In his first public remarks after Tuesday’s midterm elections, President Donald Trump appeared notably despondent, at times sparring with reporters over a range of questions, including Democrats’ new power in the Lower Chamber to investigate his administration.
Though he made a point of expressing a desire to work across the aisle legislatively, Trump also directly threatened Democrats with retaliatory measures if they opened investigations into his doings. “They can play that game, but we can play it better,” he said.
The threat came as Democrats, once they take control of the House of Representatives, are likely to launch probes into a wide range of scandals they have long sought information about—topics might include Trump’s personal finances, his much-maligned Puerto Rico hurricane response, and nepotism in the White House.
Trump also repeatedly asserted on Wednesday that Republican candidates who lost on Tuesday were at fault, at least in part, because they had declined to publicly “embrace” him. This suggestion was a continuation of Trump’s long-held framing of the midterms as a referendum on him personally. In one particularly strange part of his speech, Trump read from a list of losing GOP candidates.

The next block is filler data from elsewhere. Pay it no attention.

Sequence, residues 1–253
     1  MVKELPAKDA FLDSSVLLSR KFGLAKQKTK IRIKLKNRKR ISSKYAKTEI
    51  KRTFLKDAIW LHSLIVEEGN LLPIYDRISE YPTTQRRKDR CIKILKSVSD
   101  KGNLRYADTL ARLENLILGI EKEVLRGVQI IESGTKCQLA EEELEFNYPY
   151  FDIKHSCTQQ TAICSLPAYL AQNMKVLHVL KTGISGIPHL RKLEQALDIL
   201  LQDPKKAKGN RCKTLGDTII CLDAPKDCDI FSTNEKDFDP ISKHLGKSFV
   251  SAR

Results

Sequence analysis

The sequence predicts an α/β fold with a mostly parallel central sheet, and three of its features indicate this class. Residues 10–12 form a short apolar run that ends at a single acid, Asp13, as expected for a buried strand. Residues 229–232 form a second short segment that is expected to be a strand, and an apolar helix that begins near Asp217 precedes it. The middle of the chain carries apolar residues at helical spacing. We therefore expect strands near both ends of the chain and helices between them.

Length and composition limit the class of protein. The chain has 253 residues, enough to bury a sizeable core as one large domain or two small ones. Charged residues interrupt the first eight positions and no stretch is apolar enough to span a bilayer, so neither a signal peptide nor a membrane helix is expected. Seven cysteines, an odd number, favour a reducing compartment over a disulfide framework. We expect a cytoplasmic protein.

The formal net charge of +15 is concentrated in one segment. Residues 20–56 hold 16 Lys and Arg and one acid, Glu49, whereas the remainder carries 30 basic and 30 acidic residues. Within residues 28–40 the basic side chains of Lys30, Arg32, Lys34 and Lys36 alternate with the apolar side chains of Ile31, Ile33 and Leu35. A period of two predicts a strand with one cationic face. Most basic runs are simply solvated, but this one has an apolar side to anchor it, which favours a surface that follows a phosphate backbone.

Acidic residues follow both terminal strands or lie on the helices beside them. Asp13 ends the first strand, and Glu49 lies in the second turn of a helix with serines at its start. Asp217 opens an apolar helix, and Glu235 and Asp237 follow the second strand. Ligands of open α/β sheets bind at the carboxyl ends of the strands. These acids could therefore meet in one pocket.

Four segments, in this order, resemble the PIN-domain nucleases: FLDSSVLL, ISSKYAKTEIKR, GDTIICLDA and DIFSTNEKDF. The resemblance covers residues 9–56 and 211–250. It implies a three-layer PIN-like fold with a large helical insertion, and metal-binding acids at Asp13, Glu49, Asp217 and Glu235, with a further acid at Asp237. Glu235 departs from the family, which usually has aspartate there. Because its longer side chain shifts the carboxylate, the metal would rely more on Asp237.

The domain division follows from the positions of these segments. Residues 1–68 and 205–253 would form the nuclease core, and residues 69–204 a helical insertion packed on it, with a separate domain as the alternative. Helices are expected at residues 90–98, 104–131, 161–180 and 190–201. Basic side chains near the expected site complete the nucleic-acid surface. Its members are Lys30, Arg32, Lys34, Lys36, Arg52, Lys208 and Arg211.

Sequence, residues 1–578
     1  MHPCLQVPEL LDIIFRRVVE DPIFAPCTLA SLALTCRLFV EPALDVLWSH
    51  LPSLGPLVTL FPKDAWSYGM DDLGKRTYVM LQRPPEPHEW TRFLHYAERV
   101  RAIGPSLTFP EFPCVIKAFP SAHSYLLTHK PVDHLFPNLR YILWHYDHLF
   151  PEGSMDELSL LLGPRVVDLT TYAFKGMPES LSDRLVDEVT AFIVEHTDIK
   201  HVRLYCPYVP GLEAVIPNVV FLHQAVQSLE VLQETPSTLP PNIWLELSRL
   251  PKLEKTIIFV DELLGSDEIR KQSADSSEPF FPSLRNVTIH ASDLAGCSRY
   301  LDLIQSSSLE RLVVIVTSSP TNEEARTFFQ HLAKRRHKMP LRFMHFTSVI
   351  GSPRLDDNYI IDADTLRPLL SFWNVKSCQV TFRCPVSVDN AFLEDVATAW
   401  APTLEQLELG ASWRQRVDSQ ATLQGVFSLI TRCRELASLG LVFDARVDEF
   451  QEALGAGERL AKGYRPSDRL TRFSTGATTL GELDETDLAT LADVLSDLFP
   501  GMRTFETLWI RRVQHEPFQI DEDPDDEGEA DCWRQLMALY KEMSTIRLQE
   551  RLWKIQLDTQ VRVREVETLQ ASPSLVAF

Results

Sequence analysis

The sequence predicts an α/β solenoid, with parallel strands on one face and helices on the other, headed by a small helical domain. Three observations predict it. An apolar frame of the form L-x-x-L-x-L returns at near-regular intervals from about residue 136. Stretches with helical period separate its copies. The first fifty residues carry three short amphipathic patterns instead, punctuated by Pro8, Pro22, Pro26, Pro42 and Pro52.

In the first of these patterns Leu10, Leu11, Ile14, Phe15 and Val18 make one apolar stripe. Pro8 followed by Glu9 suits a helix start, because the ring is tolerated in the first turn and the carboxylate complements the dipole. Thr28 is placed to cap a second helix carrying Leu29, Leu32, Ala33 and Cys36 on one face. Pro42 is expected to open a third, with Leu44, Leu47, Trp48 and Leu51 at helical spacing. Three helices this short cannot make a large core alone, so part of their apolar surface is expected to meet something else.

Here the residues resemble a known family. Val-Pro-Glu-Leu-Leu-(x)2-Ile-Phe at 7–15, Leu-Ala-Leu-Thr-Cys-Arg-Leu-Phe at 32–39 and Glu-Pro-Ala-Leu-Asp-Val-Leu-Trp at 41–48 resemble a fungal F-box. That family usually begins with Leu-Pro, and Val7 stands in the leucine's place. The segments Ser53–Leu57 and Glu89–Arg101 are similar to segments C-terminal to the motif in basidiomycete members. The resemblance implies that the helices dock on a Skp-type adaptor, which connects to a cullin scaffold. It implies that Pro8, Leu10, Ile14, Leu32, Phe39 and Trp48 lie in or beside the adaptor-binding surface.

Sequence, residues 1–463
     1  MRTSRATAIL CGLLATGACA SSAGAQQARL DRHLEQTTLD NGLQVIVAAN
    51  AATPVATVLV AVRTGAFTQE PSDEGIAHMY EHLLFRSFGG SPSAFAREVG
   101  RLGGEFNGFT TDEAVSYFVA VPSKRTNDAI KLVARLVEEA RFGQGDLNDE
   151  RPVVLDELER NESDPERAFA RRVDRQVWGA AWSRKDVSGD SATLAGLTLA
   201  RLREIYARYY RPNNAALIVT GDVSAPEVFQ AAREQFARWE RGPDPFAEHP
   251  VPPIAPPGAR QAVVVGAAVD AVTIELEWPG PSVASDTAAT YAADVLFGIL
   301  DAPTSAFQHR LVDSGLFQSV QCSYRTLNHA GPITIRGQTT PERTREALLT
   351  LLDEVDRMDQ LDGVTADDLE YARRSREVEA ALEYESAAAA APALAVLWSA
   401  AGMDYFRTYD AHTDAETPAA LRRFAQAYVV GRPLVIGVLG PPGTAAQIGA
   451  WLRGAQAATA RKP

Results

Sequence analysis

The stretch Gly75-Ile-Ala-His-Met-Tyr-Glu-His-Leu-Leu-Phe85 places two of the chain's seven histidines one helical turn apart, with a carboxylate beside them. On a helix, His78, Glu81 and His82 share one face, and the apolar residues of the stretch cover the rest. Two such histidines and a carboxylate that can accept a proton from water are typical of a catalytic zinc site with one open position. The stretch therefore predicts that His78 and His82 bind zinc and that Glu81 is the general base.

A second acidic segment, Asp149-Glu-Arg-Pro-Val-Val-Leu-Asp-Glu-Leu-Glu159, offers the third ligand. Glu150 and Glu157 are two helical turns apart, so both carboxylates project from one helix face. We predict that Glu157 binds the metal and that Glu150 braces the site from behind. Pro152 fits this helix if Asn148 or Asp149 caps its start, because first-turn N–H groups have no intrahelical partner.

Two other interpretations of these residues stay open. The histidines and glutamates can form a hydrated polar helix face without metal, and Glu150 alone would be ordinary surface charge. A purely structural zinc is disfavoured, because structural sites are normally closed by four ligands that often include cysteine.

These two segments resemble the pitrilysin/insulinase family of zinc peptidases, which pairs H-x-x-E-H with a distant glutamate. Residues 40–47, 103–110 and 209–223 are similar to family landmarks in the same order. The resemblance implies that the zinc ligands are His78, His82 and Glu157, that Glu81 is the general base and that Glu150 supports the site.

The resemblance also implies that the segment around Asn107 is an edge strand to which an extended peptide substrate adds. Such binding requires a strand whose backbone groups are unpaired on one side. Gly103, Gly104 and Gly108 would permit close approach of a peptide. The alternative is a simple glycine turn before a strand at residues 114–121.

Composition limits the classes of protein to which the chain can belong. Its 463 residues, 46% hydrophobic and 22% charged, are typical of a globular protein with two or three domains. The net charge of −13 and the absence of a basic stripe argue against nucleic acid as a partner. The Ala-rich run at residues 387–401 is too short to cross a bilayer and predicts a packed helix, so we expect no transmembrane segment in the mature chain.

“Too bad Mike,” he said referring to Rep. Mike Coffman’s failed reelection bid.
Speaking on Rep. Mia Love’s loss, Trump claimed the Utah congressman “gave me no love.” “Too bad.”
— CBS News (@CBSNews) November 7, 2018
Rep. Ryan Costello, who announced in March that he would not run for reelection, slammed Trump for blaming Republicans who, like him, chose to retire or distance themselves from the president.
To deal w harassment & filth spewed at GOP MOC’s in tough seats every day for 2 yrs, bc of POTUS; to bite ur lip more times you’d care to; to disagree & separate from POTUS on principle & civility in ur campaign; to lose bc of POTUS & have him piss on u. Angers me to my core.
— Ryan Costello (@RyanCostello) November 7, 2018
In other tense moments, Trump attacked reporters in the room, labeling the media with his signature motto, “the enemy of the people.” When one reporter asked about Trump’s self-identification as a “nationalist,” the president cut her off and labeled her question “racist.”
“That’s a racist question, it’s so insulting to me,” Trump tells a reporter for asking about him referring to himself as a nationalist pic.twitter.com/fD6LkF0qKJ
— TicToc by Bloomberg (@tictoc) November 7, 2018
Listen to our journalists explain all the twists and turns of Election Day, and what comes next for America, on this special episode of the Mother Jones Podcast: